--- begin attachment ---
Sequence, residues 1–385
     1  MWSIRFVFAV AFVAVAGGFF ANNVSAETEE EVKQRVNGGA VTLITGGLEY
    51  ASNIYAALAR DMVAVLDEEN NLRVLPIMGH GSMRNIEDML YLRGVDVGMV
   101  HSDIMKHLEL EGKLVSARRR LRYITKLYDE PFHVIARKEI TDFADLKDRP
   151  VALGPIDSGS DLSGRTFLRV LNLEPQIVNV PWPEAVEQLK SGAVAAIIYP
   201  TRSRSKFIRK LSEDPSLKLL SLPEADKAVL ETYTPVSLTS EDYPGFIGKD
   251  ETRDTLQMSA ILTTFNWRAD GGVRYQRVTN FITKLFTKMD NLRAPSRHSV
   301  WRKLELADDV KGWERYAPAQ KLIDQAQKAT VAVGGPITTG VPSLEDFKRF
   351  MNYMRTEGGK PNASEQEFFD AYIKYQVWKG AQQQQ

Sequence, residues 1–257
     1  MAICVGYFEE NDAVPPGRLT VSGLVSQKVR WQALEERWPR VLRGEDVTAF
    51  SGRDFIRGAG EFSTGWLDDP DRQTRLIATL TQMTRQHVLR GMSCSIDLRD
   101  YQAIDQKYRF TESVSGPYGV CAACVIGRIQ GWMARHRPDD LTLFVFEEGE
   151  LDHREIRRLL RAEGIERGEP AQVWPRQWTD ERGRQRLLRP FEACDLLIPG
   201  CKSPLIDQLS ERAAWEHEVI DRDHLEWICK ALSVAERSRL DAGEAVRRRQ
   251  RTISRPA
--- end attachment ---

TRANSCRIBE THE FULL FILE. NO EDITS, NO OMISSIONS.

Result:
Sequence, residues 1–385
     1  MWSIRFVFAV AFVAVAGGFF ANNVSAETEE EVKQRVNGGA VTLITGGLEY
    51  ASNIYAALAR DMVAVLDEEN NLRVLPIMGH GSMRNIEDML YLRGVDVGMV
   101  HSDIMKHLEL EGKLVSARRR LRYITKLYDE PFHVIARKEI TDFADLKDRP
   151  VALGPIDSGS DLSGRTFLRV LNLEPQIVNV PWPEAVEQLK SGAVAAIIYP
   201  TRSRSKFIRK LSEDPSLKLL SLPEADKAVL ETYTPVSLTS EDYPGFIGKD
   251  ETRDTLQMSA ILTTFNWRAD GGVRYQRVTN FITKLFTKMD NLRAPSRHSV
   301  WRKLELADDV KGWERYAPAQ KLIDQAQKAT VAVGGPITTG VPSLEDFKRF
   351  MNYMRTEGGK PNASEQEFFD AYIKYQVWKG AQQQQ

Sequence, residues 1–257
     1  MAICVGYFEE NDAVPPGRLT VSGLVSQKVR WQALEERWPR VLRGEDVTAF
    51  SGRDFIRGAG EFSTGWLDDP DRQTRLIATL TQMTRQHVLR GMSCSIDLRD
   101  YQAIDQKYRF TESVSGPYGV CAACVIGRIQ GWMARHRPDD LTLFVFEEGE
   151  LDHREIRRLL RAEGIERGEP AQVWPRQWTD ERGRQRLLRP FEACDLLIPG
   201  CKSPLIDQLS ERAAWEHEVI DRDHLEWICK ALSVAERSRL DAGEAVRRRQ
   251  RTISRPA